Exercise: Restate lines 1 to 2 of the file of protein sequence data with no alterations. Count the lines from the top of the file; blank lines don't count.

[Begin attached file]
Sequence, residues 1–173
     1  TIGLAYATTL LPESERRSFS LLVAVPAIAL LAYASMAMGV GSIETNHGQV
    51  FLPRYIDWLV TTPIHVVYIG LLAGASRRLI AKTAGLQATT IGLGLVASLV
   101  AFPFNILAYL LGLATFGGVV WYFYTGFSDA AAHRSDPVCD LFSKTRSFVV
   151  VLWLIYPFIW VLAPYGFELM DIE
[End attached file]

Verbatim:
Sequence, residues 1–173
     1  TIGLAYATTL LPESERRSFS LLVAVPAIAL LAYASMAMGV GSIETNHGQV